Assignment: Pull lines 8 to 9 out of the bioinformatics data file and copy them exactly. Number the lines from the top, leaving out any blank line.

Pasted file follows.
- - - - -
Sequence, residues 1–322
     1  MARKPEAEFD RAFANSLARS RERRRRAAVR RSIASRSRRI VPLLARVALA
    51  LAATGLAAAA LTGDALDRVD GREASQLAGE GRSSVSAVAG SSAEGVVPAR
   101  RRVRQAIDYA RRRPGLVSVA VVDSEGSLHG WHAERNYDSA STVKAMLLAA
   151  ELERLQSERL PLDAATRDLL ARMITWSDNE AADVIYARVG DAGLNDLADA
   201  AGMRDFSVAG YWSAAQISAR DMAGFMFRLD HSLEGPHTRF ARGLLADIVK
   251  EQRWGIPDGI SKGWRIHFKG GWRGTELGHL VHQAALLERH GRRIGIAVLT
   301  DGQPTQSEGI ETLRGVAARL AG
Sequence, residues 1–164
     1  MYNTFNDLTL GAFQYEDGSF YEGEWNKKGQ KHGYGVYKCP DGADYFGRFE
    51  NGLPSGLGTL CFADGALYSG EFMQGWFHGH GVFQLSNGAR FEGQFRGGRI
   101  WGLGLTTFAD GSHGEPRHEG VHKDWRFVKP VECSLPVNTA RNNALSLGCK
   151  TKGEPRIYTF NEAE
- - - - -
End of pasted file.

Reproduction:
   301  DGQPTQSEGI ETLRGVAARL AG
Sequence, residues 1–164